26 March 2010

Australian mining journals report the need for skilled workers is escalating

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Australia’s Mining Monthly journal has reported that the number of employment positions for skilled workers in the mining industry is once again starting to rise well above the numbers of candidates available to fill them.

Australian immigration

The growing need for skilled workers has meant employers may need to turn to Australian immigration.

In recent years the Australian mining industry has relied on Australian immigration to supply skilled workers, with the majority entering the country on a Subclass 457 Business (Long Stay) Visa to fill the shortfall of skilled labour.

As well as the more commonly used 457 Australian Visa  there are other avenues available for employers to access potential employees, including the 476 Skilled Graduate work visa to recruit engineering graduates from overseas.

Mining is one of the major sectors in Australia which utilises the 457 visa programme.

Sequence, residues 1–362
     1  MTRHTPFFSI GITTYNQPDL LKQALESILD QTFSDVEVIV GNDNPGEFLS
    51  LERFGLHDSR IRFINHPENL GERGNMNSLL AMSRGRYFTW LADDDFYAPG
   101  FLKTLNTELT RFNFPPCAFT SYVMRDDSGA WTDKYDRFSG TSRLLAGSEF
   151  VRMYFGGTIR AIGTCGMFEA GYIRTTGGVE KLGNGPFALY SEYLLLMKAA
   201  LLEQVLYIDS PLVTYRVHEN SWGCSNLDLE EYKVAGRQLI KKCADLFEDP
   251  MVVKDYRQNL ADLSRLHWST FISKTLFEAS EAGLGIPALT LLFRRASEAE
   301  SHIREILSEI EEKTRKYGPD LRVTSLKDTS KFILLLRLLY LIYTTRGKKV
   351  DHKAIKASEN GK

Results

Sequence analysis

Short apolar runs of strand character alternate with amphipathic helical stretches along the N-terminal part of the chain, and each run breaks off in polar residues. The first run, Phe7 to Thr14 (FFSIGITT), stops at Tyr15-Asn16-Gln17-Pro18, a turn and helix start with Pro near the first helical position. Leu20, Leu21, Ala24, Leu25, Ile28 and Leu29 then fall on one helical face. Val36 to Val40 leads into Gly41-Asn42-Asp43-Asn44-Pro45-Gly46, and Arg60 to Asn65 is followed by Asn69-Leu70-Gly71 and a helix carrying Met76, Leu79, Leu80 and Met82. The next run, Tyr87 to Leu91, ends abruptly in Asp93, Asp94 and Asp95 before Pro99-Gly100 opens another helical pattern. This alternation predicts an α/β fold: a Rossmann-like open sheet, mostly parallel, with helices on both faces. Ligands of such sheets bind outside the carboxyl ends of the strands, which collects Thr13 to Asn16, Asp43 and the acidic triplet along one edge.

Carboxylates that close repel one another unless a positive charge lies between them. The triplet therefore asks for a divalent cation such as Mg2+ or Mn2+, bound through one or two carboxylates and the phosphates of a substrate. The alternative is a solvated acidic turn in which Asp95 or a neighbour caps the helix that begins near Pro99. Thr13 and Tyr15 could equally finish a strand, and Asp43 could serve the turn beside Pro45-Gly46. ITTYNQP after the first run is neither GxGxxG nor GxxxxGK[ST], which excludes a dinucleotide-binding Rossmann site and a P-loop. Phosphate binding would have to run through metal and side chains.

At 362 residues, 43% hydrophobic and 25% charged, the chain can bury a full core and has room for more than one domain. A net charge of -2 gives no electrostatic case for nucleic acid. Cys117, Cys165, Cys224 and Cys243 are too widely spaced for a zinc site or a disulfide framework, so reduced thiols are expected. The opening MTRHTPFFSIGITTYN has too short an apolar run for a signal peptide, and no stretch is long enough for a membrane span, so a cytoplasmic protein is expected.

Queensland Resources Council chief executive Michael Roche identified the issue the state’s resource companies faced was their ability to attract and retain skilled employees.

“Labour demand projections suggest that occupational categories for which demand is expected to grow most rapidly are those for which total economy-wide employment supply is projected to grow most slowly,” he said.

Hays Resources & Mining regional director Simon Winfield said the growing demand for workers in this sector was the result of several factors.

“Firstly, there are many instances of employers opting to recruit now in an attempt to gain competitive advantage and secure the best of the available talent,” Winfield said.

“Secondly, many organisations that cut staffing numbers to the bone are going to look for new recruits to be in place pretty quickly in 2010 in order to cope with a ‘back to normal’ workload.

“Now that confidence and commodity prices are rising, employers are reassessing and re-creating vacancies where required. They are repopulating teams,” Mr Winfield told the Mining Monthly magazine.

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